THE EGO IS ALWAYS A PAST SELF

       The ego is the past self that one formulated in childhood and if defended it seems real in one’s awareness; and if not defended it does not exist.

     The ego separated self is a concept, concepts are not real; they seem real if desired and defended and if not defended they do not exist; if not wished and defended the ego does not exist.

     Do not defend the ego and it disappears from your awareness and you feel like you do not have a separated self; you just know you as part of one unified life and you live freely, defenselessly and peacefully.

FEAR PROTECTS THE EGO SELF CONCEPT AND ITS BODY

     When you live from your real self, your inner self, and is no longer trying to live up to the dictates of the external self (a socially constructed self) that you formulated for yourself in the process of growing up in society, you live fearlessly.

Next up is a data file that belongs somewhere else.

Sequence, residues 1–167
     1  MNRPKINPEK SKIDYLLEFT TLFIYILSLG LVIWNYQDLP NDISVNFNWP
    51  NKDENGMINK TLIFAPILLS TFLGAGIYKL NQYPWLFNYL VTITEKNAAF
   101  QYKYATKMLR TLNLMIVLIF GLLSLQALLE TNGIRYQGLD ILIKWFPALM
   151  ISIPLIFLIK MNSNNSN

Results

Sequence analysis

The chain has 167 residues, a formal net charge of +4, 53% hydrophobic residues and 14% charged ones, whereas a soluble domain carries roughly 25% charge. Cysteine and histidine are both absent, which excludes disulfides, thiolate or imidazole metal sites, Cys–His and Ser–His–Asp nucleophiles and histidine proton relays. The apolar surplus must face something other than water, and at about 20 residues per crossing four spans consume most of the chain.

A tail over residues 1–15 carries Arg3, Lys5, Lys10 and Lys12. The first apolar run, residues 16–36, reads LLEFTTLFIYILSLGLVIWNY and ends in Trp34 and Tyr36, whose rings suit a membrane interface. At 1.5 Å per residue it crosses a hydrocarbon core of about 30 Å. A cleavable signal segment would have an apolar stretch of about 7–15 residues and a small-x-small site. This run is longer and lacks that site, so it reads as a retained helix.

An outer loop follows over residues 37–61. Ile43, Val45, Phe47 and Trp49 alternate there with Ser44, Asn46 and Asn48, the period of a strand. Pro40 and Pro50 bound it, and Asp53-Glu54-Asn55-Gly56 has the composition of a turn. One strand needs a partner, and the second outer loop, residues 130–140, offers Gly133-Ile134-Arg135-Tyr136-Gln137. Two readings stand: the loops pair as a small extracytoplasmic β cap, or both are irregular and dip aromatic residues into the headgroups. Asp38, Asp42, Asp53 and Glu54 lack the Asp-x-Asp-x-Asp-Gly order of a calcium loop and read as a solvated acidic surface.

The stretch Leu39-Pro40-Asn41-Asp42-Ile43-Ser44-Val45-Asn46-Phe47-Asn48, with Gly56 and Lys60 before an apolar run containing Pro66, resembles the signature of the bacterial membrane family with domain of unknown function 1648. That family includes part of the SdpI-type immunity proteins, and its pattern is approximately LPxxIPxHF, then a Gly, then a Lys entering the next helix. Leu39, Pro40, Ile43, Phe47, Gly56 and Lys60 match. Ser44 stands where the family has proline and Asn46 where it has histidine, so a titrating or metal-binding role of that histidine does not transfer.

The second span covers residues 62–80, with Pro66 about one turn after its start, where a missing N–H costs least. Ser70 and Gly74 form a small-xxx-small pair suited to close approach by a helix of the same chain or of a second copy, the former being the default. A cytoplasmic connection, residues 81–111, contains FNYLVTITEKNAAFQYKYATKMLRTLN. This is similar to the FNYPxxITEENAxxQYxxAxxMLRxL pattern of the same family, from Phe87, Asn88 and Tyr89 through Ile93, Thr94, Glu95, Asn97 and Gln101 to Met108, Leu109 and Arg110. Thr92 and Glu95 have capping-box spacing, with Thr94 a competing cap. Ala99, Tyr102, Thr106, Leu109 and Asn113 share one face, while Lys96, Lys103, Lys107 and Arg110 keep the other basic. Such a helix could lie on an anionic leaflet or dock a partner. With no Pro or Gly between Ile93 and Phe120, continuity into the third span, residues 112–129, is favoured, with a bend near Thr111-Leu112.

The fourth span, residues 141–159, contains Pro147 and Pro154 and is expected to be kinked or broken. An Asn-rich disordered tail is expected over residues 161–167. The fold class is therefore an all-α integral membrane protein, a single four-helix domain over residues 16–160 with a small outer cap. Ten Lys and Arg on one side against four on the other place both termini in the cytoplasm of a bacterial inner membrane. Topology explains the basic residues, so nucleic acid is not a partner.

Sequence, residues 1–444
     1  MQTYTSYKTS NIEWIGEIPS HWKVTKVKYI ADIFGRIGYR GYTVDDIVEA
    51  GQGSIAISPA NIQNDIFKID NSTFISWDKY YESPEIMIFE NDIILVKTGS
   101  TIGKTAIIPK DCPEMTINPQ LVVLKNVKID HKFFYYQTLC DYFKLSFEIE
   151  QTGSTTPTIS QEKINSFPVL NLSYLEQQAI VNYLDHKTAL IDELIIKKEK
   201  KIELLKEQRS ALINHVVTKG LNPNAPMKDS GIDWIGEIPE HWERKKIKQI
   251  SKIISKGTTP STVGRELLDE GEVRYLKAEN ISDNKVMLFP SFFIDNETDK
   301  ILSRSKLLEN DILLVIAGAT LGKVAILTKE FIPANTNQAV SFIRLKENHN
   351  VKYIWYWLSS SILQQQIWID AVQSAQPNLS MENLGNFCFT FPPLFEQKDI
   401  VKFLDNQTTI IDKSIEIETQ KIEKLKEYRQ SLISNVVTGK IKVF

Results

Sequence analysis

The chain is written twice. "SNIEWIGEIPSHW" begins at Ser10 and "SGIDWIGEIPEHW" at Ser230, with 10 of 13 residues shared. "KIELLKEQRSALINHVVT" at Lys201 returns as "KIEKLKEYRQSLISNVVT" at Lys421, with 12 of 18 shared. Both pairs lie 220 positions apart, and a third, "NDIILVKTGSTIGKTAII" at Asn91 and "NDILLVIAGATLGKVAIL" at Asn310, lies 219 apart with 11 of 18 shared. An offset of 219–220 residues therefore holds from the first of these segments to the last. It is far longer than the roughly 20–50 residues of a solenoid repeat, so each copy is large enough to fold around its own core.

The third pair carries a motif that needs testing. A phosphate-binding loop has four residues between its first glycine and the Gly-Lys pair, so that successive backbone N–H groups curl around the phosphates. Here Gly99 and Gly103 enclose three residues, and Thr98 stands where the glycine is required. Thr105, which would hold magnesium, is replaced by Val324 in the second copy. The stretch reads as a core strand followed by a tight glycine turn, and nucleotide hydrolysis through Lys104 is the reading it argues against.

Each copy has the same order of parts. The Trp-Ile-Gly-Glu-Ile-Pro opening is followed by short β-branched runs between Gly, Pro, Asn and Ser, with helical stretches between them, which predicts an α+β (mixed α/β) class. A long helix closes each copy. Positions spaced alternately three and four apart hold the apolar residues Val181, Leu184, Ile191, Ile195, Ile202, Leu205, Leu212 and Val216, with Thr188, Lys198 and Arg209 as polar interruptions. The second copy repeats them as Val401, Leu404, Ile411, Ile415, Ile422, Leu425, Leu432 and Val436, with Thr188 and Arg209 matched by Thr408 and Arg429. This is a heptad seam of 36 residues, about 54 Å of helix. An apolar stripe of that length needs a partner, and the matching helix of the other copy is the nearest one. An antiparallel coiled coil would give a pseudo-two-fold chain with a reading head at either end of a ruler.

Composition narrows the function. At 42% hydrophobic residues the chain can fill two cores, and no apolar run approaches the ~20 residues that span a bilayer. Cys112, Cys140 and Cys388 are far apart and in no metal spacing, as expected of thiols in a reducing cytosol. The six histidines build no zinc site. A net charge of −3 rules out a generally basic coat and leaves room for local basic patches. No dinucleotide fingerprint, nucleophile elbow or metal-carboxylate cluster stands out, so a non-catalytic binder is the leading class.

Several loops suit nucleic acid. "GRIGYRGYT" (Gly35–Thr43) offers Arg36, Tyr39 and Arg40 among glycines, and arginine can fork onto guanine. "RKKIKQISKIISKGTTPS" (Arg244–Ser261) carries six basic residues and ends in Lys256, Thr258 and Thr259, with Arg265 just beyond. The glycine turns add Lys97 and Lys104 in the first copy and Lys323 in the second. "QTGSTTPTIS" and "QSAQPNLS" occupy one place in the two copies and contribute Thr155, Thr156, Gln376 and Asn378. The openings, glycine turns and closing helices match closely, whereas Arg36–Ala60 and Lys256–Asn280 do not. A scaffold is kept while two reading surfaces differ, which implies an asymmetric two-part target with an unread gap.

Fear protects the false, ego self and holds one down, preventing one from being one’s real self and making one pretend that one is a false, ideal, powerful, wealthy and intelligent self.

THE DELUDED SELF IS BELIEF IN A FALSE SELF

    When you persist in trying to be the false, ideal self and believe that you are it, you become deluded. Delusion disorder is belief that you are who you are not, in fact; you are not your ideal, self-construct.

     Who you are, your real self cannot be defined, it is part of one unified life that manifests in you and all living things?

     The deluded person is a person who strives to be his self-construct, a made-up self, a make belief self that he, building from society and his body, conceptualized as who he is.

     Alfred Adler (1921) and Karen Horney (1950) called the deluded false, self the neurotic self or the false ideal self; it is a self that makes you feel fear of not living up to its imaginary picture of who you should be.

    Horney made the point that neurotics, read deluded persons, take pride in being their false, grandiose selves, Adler said that neurotics like their false, superior selves; these people take pride in that which causes them anxiety, for, if you identify with a false, big self you live in fear of not being it.

     Give up the desire for a false, big self and you live in peace.

     You are not the false, big self, it is a mere wished for self and not your real self; you do not know who your real self is, so find it and live from it.